It Is Hip To Be Square
Kansas City leaders have sacrificed much at the altar of cool. But arguably the coolest thing to happen to the region was not a result of government stepping forward, but of government stepping back.
Urban planners and politicians scramble to build things they think will attract the so-called creative class. In remarks extolling Kansas City, Mayor Sly James has said, “Young creative people want to be in a vibrant area. We’re the vibrant area. They want to be where things are going on downtown — that’s us. They want to be in a place where there are creative minds and arts — that’s us.”
While some point to a slight increase in people living in Kansas City’s downtown, the overwhelming evidence suggests that jobs and residents are moving elsewhere. The Kansas City Star reported on April 18 that the downtown core is still losing jobs to the suburbs. The article stated: “A report to be released today by the Brookings Institution said that in 2010 just 16.9 percent of the area’s jobs were in the core, defined as within three miles of Kansas City’s downtown. That’s down from 20.5 percent in 2000.”
City officials are still bent on spending taxpayer dollars to build things aimed at attracting the creative class. The downtown streetcar is chief among them. So, too, was the Power and Light District, which remains a drain on city finances. While voters have rejected rail transit time and again, city leaders want it because they think it is hip and cool.
James likes to say that Google would not have come to Kansas City, Mo., were they not bullish on us. But he forgets that Google rejected our offer and instead settled down next door. They certainly did not choose a location based on how cool it is. When Google announced that it had chosen Kansas City, Kan., the March 11, 2011, Kansas City Star reported: “More than 1,000 cities across the United States campaigned to be Google’s first site. [Google Vice President Milo] Medin said Kansas City, Kan., stood out for its infrastructure and for a unified leadership with county, city and utility services combined, but also for the state’s attitude toward business. . . . We wanted to find a location where we could build quickly and efficiently. Kansas City has great infrastructure and Kansas has a great business-friendly environment for us to deploy a service in.”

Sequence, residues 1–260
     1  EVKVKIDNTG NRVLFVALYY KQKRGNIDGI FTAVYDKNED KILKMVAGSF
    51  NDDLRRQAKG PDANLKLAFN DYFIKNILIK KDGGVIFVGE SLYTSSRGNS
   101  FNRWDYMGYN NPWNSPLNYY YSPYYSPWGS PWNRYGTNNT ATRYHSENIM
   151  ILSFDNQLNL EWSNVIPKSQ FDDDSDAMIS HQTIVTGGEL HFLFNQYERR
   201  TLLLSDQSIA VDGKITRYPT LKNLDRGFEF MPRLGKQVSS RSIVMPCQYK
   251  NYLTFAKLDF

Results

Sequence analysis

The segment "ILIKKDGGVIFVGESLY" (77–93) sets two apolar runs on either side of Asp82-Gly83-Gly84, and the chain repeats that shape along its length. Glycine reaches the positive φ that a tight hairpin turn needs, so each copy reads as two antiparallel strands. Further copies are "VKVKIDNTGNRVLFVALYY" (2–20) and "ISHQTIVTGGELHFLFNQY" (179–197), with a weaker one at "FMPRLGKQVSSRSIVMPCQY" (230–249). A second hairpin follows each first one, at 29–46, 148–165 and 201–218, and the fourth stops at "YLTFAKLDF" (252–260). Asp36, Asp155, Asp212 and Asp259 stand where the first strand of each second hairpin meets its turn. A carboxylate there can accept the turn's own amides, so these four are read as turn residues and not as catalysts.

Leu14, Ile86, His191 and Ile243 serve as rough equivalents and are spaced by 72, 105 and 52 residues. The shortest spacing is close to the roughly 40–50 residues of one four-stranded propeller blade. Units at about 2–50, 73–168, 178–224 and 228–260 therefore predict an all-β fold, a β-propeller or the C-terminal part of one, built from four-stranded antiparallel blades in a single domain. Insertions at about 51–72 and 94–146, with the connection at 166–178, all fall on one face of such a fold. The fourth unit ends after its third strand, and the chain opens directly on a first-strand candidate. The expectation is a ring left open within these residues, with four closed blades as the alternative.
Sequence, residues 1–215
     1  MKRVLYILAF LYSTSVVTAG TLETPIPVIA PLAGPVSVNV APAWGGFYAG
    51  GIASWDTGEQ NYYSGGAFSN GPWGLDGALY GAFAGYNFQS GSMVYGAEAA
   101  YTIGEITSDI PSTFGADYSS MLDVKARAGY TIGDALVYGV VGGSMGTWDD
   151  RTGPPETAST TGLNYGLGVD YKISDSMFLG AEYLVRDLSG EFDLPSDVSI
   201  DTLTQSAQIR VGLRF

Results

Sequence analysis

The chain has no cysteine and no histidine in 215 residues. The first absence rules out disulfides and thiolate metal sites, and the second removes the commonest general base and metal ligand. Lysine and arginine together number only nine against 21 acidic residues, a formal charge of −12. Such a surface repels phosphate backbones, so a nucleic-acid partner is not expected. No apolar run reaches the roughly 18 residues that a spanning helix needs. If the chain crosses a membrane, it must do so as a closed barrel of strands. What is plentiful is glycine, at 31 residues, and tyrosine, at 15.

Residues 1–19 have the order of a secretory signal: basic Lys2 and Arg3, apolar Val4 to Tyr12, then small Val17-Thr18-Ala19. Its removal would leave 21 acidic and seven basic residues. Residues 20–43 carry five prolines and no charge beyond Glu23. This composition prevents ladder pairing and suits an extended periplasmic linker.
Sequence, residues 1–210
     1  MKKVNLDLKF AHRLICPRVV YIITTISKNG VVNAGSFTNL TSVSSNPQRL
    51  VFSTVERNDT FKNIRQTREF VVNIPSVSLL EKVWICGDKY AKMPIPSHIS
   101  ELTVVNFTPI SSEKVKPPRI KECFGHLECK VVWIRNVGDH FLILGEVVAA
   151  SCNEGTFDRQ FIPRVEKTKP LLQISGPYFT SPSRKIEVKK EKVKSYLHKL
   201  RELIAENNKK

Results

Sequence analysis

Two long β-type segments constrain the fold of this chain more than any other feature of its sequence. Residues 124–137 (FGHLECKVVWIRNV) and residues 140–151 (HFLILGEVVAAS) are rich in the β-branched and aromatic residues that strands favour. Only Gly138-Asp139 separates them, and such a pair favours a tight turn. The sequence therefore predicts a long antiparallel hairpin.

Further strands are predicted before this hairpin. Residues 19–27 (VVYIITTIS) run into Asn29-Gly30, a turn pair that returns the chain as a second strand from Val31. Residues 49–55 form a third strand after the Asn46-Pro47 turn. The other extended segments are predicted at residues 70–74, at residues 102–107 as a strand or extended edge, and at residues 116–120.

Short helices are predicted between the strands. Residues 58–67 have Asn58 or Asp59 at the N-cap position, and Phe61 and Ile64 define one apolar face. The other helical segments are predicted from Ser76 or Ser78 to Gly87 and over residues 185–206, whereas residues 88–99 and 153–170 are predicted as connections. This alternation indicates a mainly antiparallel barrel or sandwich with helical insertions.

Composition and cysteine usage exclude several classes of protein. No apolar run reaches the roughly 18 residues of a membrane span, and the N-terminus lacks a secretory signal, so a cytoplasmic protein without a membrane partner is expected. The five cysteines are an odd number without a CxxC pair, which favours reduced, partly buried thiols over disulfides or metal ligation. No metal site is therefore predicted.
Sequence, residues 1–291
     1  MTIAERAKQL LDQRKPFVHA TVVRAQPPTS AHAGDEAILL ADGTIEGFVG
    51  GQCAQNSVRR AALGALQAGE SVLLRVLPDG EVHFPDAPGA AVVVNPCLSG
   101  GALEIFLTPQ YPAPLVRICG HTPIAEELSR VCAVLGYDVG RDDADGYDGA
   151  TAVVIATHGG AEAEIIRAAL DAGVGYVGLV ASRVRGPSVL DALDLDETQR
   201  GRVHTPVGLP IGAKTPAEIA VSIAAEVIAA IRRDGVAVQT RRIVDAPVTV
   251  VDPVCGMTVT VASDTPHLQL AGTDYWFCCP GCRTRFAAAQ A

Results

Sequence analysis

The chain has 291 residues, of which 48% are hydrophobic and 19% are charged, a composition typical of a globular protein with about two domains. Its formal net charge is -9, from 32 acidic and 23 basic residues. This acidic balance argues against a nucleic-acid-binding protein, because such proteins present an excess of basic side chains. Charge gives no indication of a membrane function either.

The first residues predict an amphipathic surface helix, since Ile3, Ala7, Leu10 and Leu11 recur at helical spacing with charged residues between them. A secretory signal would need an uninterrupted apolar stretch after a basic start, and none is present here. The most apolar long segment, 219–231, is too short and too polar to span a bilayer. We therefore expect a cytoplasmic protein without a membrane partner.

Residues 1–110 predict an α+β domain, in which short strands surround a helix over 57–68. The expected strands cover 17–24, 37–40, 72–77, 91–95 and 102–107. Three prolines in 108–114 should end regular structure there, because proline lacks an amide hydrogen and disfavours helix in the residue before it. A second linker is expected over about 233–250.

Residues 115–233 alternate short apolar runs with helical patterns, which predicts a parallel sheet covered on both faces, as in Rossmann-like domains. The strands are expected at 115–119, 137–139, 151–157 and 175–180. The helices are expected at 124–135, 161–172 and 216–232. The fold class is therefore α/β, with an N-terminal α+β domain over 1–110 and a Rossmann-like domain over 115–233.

Missouri’s bid was predictably heavy on taxpayer subsidies. “Across the state line, Kansas City, Mo., courted Google by coupling its proposal to the company with applications for $10 million in federal grants to improve broadband access in public buildings,” according to the article.
Google did what any business could be expected to do: chose a city that was business-friendly over one that was not. Kansas City, Mo., is saddled with some of the highest taxes in the region and large financial commitments because leaders are eager to kowtow to developers. The city is not keeping up on infrastructure maintenance and is cutting important services while paying out more for entertainment districts. Spending on streetcars and airports and convention hotels will only make this worse.
Instead, officials in Kansas City, Mo., should embrace an idea whose time has come and do the things that helped Kansas win Google: streamline government, reduce bureaucracy, and make sure we have a good business environment for everyone. Even the unhip.
Patrick Tuohey is the western Missouri field manager at the Show-Me Institute, which promotes market solutions for Missouri public policy.